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State audit faults evaluations of sexually violent predators

The state auditor released a report Thursday criticizing the Department of State Hospitals’ evaluation system for determining whether  prisoners due for parole or psychiatric patients being held at Coalinga State Hospital are sexually violent predators.

The audit found that evaluations of current and potential “SVPs” are inconsistent, and that there is no standard protocol used to determine whether those being assessed meet the criteria for confinement. The audit also found that evaluators lack clinical supervision and training, and that Coalinga has a “significant backlog” of annual evaluations that violates the rights of patients. Full Article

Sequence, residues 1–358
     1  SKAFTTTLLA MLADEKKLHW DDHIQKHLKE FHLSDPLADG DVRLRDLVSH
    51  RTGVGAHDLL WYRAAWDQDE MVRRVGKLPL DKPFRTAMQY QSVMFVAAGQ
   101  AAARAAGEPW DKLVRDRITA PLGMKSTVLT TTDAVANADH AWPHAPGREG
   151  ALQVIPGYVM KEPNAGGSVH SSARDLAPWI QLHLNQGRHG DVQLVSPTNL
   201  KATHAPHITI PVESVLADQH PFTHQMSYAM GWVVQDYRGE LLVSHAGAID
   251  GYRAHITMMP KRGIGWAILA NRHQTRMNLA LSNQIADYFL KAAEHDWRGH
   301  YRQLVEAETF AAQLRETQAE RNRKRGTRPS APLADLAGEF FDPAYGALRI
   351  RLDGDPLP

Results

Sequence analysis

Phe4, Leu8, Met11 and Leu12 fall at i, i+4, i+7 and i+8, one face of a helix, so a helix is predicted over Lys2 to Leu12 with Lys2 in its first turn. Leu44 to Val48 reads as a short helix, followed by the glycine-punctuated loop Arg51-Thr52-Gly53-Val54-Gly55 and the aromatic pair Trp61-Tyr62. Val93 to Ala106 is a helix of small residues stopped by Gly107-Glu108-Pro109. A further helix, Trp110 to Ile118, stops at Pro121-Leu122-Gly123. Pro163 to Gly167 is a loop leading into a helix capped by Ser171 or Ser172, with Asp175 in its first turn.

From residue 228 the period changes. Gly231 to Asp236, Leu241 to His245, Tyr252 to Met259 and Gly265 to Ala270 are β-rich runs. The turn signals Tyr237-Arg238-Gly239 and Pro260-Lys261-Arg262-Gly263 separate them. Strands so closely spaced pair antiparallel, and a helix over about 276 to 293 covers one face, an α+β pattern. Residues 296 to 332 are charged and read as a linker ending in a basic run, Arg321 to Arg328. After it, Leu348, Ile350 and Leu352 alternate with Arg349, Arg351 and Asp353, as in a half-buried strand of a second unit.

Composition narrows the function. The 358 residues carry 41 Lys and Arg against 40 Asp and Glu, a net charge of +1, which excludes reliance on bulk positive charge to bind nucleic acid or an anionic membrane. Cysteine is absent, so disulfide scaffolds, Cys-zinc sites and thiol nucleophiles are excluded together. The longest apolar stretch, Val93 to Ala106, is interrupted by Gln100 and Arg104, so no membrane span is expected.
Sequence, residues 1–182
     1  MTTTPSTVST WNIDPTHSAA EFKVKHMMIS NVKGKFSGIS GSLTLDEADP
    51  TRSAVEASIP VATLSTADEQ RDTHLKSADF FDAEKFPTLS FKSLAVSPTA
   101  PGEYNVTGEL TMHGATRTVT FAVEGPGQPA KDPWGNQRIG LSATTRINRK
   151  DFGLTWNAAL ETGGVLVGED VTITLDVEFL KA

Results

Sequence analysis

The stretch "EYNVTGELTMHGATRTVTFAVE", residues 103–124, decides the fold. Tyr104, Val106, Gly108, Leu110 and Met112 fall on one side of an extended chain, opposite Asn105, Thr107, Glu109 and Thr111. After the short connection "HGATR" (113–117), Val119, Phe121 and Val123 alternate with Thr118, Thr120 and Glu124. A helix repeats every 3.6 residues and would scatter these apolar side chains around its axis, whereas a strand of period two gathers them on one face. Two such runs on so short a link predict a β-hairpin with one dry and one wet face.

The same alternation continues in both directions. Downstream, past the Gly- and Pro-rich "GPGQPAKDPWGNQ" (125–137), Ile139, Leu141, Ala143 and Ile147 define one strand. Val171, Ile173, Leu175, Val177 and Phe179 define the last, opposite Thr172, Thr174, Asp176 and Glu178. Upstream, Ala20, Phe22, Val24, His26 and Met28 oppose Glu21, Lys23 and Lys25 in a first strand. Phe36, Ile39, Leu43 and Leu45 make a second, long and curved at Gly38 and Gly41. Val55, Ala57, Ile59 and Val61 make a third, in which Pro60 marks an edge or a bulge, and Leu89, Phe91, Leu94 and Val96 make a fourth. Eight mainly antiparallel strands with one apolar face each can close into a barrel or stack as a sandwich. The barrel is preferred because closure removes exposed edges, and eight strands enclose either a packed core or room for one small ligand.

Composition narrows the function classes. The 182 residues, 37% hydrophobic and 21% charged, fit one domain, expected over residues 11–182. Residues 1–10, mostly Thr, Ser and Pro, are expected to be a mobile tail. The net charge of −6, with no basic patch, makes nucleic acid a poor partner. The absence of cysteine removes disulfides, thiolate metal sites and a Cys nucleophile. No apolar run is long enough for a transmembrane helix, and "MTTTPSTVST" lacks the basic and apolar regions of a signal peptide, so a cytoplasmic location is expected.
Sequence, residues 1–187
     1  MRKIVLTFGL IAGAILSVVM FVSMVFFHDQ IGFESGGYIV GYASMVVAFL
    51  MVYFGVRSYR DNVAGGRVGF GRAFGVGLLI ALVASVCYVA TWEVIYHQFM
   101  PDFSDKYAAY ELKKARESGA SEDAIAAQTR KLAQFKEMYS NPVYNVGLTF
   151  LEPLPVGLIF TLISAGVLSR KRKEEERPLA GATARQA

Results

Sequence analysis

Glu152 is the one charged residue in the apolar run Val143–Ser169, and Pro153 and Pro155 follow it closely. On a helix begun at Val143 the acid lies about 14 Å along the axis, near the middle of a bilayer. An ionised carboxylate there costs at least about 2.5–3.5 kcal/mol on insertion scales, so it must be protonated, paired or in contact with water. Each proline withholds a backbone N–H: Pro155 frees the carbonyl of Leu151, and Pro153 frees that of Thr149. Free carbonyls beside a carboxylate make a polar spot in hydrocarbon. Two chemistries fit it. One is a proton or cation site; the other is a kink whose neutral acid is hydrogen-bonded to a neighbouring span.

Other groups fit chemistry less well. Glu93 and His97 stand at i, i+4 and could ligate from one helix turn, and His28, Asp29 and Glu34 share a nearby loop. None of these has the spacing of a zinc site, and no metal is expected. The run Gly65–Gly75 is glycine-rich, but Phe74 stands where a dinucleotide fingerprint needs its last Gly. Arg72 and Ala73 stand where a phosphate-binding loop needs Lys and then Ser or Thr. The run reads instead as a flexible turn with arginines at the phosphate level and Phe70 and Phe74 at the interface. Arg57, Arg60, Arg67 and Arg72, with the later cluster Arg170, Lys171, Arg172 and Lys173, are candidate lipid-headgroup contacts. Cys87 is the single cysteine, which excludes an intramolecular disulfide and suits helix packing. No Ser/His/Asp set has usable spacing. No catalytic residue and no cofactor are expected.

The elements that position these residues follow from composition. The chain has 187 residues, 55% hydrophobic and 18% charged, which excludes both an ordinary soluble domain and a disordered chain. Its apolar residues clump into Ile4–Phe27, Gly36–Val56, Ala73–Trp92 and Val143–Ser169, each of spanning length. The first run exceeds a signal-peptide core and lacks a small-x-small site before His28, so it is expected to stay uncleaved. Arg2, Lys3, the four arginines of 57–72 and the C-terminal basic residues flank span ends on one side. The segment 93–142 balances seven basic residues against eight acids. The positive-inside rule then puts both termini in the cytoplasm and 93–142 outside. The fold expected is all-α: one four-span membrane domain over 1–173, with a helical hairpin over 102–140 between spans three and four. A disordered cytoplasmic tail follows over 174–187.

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  1. Anonymous Nobody

    Article in LA Times today (page B4) about state audit highly critical of the Department of State Hospitals’ evaluation system for committing sex offenders to a psychiatric hospital when they are released from prison:

    http://www.latimes.com/local/lanow/la-me-ln-state-audit-svp-evaluations-20150312-story.html

    It basically says there are no standards, no supervision of the decisions, inadequate training for decision makers and workers, and a huge backlog of annual evaluations that means even if you were ready for release, it could be years before you even get your evaluation.

    This is INTENTIONAL! Every last bit of this keeps these people locked up even longer. If it were not intentional, the results would go both ways.